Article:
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Wednesday, December 29, 2010

Larham mountain



Monday, December 13, 2010

About Malakand

 Malakand


Malakand is a region in the North West Frontier Province of Pakistan. Named after Malakand Agency, a part of this region, it covers one third of the total area of the province. The region is further divided into several other Districts, namely Chitral, Dir, Swat, Buner, Shangla and Agenies like Malakand Agency, Muhmand Agency.


The region became recently known by a militant Islamist group Tehreek-e-Nafaz-e-Shariat-e-Mohammadi that has been an active force in Malakand particularly in 2007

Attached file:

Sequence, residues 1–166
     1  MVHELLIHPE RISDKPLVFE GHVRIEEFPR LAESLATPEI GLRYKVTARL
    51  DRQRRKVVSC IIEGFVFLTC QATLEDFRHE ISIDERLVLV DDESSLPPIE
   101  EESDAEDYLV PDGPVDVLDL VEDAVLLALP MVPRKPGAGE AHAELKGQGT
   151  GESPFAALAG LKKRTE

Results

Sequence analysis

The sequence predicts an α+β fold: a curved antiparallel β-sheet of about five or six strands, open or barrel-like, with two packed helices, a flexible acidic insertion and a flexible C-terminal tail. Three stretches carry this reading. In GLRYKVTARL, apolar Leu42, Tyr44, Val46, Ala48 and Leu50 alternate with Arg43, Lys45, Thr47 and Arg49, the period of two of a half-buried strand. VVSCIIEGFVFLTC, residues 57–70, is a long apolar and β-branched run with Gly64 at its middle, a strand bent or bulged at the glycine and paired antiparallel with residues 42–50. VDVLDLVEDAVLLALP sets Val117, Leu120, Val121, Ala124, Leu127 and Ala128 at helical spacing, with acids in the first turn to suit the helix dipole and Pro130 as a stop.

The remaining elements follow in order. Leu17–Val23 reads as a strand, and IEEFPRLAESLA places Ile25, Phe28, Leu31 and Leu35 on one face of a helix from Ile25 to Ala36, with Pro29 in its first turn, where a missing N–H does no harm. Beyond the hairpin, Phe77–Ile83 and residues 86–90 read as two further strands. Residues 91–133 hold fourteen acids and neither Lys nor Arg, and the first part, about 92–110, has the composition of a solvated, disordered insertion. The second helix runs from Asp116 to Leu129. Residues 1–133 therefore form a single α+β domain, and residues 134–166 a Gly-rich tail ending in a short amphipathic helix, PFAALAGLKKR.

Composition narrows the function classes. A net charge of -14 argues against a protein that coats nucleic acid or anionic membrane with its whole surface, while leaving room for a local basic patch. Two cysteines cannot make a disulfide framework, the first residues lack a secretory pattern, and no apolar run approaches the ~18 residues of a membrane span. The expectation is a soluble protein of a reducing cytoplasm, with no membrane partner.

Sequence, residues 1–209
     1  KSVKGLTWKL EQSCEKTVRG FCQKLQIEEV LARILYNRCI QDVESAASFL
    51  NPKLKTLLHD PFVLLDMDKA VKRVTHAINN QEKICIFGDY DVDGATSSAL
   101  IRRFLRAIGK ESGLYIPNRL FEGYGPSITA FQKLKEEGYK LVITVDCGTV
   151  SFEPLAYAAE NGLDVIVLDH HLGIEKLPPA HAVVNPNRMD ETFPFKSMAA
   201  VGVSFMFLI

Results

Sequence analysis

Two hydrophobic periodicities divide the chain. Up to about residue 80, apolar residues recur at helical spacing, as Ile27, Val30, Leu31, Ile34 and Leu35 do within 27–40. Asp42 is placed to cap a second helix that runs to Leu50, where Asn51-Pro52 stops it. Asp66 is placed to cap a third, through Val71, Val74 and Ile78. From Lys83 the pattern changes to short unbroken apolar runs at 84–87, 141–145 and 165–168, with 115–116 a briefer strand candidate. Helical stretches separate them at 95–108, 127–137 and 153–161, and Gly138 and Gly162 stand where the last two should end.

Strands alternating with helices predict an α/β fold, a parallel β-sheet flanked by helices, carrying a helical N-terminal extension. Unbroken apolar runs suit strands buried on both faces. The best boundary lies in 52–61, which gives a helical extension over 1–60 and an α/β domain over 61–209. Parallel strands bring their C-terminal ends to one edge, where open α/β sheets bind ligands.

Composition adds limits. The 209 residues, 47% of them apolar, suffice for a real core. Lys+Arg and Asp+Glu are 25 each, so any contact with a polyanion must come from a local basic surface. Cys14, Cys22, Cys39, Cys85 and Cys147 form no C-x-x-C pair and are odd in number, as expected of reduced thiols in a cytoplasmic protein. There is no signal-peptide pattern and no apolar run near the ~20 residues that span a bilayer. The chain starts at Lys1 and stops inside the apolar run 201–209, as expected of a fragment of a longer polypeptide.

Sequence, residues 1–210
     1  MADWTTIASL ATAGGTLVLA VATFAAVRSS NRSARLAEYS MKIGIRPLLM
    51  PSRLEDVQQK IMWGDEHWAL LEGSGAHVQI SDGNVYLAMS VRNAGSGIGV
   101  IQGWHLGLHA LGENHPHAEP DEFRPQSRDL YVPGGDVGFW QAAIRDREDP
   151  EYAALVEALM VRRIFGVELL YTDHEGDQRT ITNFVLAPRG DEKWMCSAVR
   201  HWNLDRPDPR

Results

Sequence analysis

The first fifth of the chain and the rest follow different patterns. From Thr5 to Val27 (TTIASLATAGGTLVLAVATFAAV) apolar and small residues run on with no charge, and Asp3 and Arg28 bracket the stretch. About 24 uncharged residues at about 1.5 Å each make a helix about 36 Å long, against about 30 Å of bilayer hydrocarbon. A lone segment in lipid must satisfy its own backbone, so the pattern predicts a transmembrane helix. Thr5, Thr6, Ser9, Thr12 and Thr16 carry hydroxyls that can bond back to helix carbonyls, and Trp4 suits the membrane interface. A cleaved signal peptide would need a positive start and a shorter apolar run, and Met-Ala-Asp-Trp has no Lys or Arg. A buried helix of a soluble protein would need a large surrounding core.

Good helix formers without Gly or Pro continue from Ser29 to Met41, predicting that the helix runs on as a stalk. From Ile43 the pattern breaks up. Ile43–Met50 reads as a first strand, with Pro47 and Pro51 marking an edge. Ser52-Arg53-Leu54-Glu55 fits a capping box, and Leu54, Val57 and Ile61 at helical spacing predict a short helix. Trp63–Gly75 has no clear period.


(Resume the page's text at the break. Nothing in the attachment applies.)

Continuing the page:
Malakand :having an area of about 952 square kilometres and a population of over 4.5 lakhs as per population census of 1998 is situated in the lower reaches of the Swat region. Its limits start when the last boundary of Shergarh village in Mardan District touches the outskirts of Sakhakot village as one travels from Peshawar to Swat on the main highway. At the meeting point between Shergarh and Sakhakot, police and custom check posts are functioning and the point is known as Sakhakot Board. Travelling through Sakhakot one enters Dargai village, which is followed by the mountainous terrain of about 15 kilometres known as Malakand Pass or Darrah Malakand much less difficult to cross than before because of a mattled road in it now. Crossing through the same hilly pass you will enter the country's largest Batkhela Bazar. You proceed onwards till Landakay village where the limits of District Malakand end and District Swat welcomes you. In ancient history the name of Malakand has appeared as Mala Kund or Mullah Kandao. There exist different versions vis a vis its genesis as "Malakand". Some historians say that the word Malakand is a combination of two Persian words i.e mala and kund. In Pushto mala means aamail (garland) and kund means ubo (water). They give the impression that when anyone crosses the Malakand Pass the river Swat looks like a mala (aamail). Another concept is that the name Malakand has been derived from the words Mullah Kandao. Those who believe on this concept take it as combination of two words---Mullah and Kandao. Mullah means a religious saint and Kandao means a lofty place. Some people term the name Malakand as "Mlakandao" which means curved like the backbone of the body. The version that looks more convincing is based on the premise that due to the very steep nature of the pass, travellers after reaching its top, would complain of backache and thus ask for "kund" which in Pashto is a tonic for restoration of normalcy, and "Mala" in Pashto means "for me" and thus "Mala Kund that is "tonic for me" gave the name Malakand to the small hamlet on the top. All the notions about the name of Malakand have one point similar and that is the characteristic of being a difficult territory or place to climb on. In fact it is situated on a curved line almost in a zig zag position. Many poets in the past have also termed the mountainous terrain very difficult to negotiate. Khushal Khan Khattak describes in one of his couplets that the pony riders will find it more difficult to climb on the path going to Malakand and cautions those having lamb feet not to think of climbing on the Malakand pass. Any how the name Malakand is now-a-days an important and well-known name and has been adopted in the same form by many other villages in the Swat and Dir districts.The area surrounded by Malakand--- on the south till Sakhakot Board, on the north Pull Chawki or Chakdara Bridge, towards the east till Landakay and to the west till Kot Agra comes in the limits of Malakand District. In addition to the above clarification Malakand is bounded on the north by Lower Dir district, on the east by the district of Buner, on the south-east by Mardan district and south-west by Charsadda district and Mohmand Agency. It is also bounded by a range of mountains on the north-east separating it from district Swat and another range of mountains to the west separating it from Bajaur and Mohmand agencies. In papers the area is still an agency known as Malakand Agency or Malakand Protected Area but in 2001, after implementation of the Devolution Plan, a full-pledged district government has been established in it headed by the District Nazim who is assisted by a District Naib Nazim, District Coordination Officer (DCO), Commandant Malakand Levies, Tehsil Nazimeen, Union Council Nanzimeen and heads of all the district departments. Administratively, Malakand has been divided into Swat Ranizai and Sum Ranizai tehsils. These tehsils are Batkhela and Dargai where Tehsil Municipal Administrations have been established. A part of Malakand is occupied by the Uthmankhel clan of Pukhtoons (Pathans), while towards the south, at the bottom of Malakand Pass, live the Ranizai known as Sam Ranizai. Those living beyond the pass towards Swat are Swat Ranizai. The road in the pass has many turns and zigzags and appears to have been scientifically designed. Before partition the road in this hilly pass was very narrow and at the turning edges, vehicles from the upper side would have to stop to give way to those coming from the lower side. Near the lowest point due to difficulty in cutting down the road edges at the time of construction of the hilly road, a 100 feet (30 m) tunnel has been dug out. Now few years ago, the NWFP government allocated funds for widening of the road and now two vehicles can easily pass through it without interrupting the vehicles coming from the opposite direction. The tunnel has also been widened and the rocks on the outer south side were cut down that enabled the construction company to establish a bypass road. Though, that road has now been abandoned by the traffic, however, in case of emergency the same road would be available for keeping flow of the traffic smooth. Being a key route to Swat, Dir, Buner, Shangla and Chitral districts, the Malakand Pass has remained for years the target of foreign invasions. The ancient route between Central Asia and India passes through it. Before the British occupation, it represented Pukhtoon grandeur. Prominent Pukhtoon Sardars particularly Ranizai--a division of the Yousafzai Pathans inhabited it. The chief town of swat Ranizai are Thana, Batkhela, Malakand, Dargai and Sakhakot are important towns of Malakand. Malakand is about 2,705 feet (824 m) above sea level. Geological surveys identifies that the northern part of Malakand is occupied by the main mineral thrust material also known as Melange Zone rocks. Composed of volcanic, phyllites, slates, green schist, quartzite and other oceanic metasediments. The middle part of the Malakand Protected Area comprised metasediments and granitic rocks. The granitic rocks are named as Malakand granite and Chakdara and Bazdara granite. The Malakand Power House tunnel or Benton Tunnel passes through these rock formations. In the south near Dargai is the ophite rocks, known as Dargai ophiolite. These ophite rocks contains chromite, soapstone, asbestos, manganese and magnesite. Batkhela is tehsil and capital of Malakand Agency. On west side of batkhela along the swat river the following village khar, Dehri-jolagram. After the mountain & Thray pass the next village name is Matkani. The village of Haji Abdul Majid khan. As one passes down the Main town is Totakan. The most famous school in this area is Malakand Model School Totakan. Other villages in the surrounding area are Hisarbab, Bakht Rajee, SraShah, Qulangai, Agra, Barawal, Pirkhail and Maikhband.